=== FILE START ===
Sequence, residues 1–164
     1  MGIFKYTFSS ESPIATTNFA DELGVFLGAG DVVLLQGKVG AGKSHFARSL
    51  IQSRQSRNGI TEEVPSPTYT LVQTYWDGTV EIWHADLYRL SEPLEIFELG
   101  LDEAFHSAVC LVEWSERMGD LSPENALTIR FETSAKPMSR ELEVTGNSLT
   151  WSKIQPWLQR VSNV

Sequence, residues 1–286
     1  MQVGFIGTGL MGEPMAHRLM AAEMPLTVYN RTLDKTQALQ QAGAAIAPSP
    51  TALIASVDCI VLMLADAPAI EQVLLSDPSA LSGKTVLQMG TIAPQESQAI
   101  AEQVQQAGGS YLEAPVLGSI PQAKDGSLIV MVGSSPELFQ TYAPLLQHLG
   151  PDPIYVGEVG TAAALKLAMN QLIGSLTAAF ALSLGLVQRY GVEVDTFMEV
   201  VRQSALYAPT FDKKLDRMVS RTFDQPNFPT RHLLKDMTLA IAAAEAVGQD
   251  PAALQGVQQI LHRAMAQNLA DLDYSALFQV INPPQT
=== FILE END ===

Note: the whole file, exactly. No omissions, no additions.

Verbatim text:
Sequence, residues 1–164
     1  MGIFKYTFSS ESPIATTNFA DELGVFLGAG DVVLLQGKVG AGKSHFARSL
    51  IQSRQSRNGI TEEVPSPTYT LVQTYWDGTV EIWHADLYRL SEPLEIFELG
   101  LDEAFHSAVC LVEWSERMGD LSPENALTIR FETSAKPMSR ELEVTGNSLT
   151  WSKIQPWLQR VSNV

Sequence, residues 1–286
     1  MQVGFIGTGL MGEPMAHRLM AAEMPLTVYN RTLDKTQALQ QAGAAIAPSP
    51  TALIASVDCI VLMLADAPAI EQVLLSDPSA LSGKTVLQMG TIAPQESQAI
   101  AEQVQQAGGS YLEAPVLGSI PQAKDGSLIV MVGSSPELFQ TYAPLLQHLG
   151  PDPIYVGEVG TAAALKLAMN QLIGSLTAAF ALSLGLVQRY GVEVDTFMEV
   201  VRQSALYAPT FDKKLDRMVS RTFDQPNFPT RHLLKDMTLA IAAAEAVGQD
   251  PAALQGVQQI LHRAMAQNLA DLDYSALFQV INPPQT